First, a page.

Supreme Court Rules Federal Law Protects LGBTQ+ Discrimination

Supreme Court Rules Federal Law Protects LGBTQ+ Discrimination

The court, in a 6-3 opinion, recognized that the 1964 Civil Rights Act's protections against discrimination based on "sex" also apply to gay and transgender people.

"We do not hesitate to recognize today a necessary effect of that legislative choice: An employer who fires an individual merely for being gay or transgender defies the law". "The answer is clear", Gorsuch wrote for the majority. We do not hesitate to recognize today a necessary outcome of that legislative choice: "An employer who fires an individual merely for being gay or transgender defies the law".

When asked about the ruling, Baker said, "It's important for people to not have their employee status jeopardy by their gender identity, sexual persuasion or their sex". She got fired two weeks after telling her boss of her decision and coming to work as a transgender woman and announcing she would 'live and work full-time as a woman'.

Monday's decision was joined by Justices John Roberts, Ruth Bader Ginsberg, Breyer, Sonia Sotomayor and Elena Kagan.

In Gorsuch opinion, SCOTUS rules gay and...

The woman told her boyfriend, who complained to Don's employer, which then fired the instructor. Transgender people, he wrote, will now "be able to argue that they are entitled to use" bathrooms and locker rooms reserved for one gender.

Third, the decision potentially short-circuits the Trump administration's mean-spirited agenda to wipe out protections for LGBTQ Americans in other venues, including military service and coverage under the Affordable Care Act.

The Human Rights Campaign gay rights group called the decision "a landmark victory for LGBTQ equality".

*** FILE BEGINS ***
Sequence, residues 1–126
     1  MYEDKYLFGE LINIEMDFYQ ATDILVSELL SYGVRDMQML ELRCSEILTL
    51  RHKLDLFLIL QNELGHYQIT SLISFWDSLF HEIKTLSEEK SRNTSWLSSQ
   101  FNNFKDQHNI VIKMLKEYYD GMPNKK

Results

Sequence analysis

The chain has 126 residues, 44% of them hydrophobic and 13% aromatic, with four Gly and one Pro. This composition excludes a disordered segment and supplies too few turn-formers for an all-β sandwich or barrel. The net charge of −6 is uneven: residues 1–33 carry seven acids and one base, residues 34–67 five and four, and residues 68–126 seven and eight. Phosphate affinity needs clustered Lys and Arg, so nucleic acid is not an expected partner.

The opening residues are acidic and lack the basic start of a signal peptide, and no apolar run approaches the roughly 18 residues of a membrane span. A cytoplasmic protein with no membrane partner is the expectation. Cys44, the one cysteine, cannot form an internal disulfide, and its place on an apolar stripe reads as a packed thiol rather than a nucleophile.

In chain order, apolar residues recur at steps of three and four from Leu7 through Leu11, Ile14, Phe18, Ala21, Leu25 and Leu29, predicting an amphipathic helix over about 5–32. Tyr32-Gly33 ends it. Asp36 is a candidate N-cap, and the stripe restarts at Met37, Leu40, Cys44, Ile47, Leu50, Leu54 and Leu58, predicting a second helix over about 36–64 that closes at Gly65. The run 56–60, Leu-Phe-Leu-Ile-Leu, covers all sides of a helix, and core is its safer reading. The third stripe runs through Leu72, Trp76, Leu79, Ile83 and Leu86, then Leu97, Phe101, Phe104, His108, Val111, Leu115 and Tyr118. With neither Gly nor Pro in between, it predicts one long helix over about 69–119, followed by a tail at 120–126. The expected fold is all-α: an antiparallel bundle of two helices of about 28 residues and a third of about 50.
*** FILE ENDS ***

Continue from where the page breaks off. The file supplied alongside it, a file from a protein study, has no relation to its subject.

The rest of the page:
It's a breakthrough moment for American civil rights, made all the more notable because of the current makeup of the high court: because there is a five-member conservative majority, many legal observers expected the Supreme Court to go the other way on this question.

A dissent longer than the opinion itself authored by Justice Samuel Alito and joined by Justice Clarence Thomas is also directly addressed by Gorsuch-and given short shrift.

The Supreme Court combined 2 cases. a man in Clayton County, GA who claimed he was sacked as a social worker after he became more open about being gay, and a man fired as a skydiving instructor.

Trump's Justice Department reversed the government's position taken under Democratic former President Barack Obama that Title VII covered sexual orientation and gender identity.

"Redefining "sex" to mean "gender identity" will create chaos and enormous unfairness for women and girls in athletics, women's shelters, and many other contexts", the group tweeted after the decision came down.

The instructor, Donald Zarda, was sacked from his job after the woman complained.

Prior to her death, Stephens crafted a statement in case the court ruled in her favor. Gorsuch, who signaled sympathy toward the plaintiffs during arguments in the case in October, wrote that "there is no way an employer can discriminate against those who check the homosexual or transgender box without discriminating in part because of an applicant's sex". "By discriminating against transgender persons, the employer unavoidably discriminates against persons with one sex identified at birth and another today".

"The Court tries to convince readers that it is merely enforcing the terms of the statute, but that is preposterous", Alito wrote in the dissent.

The court's decision had been highly anticipated since the case marked the first time the Court had taken up gay rights since the retirement of Justice Anthony Kennedy in 2018.

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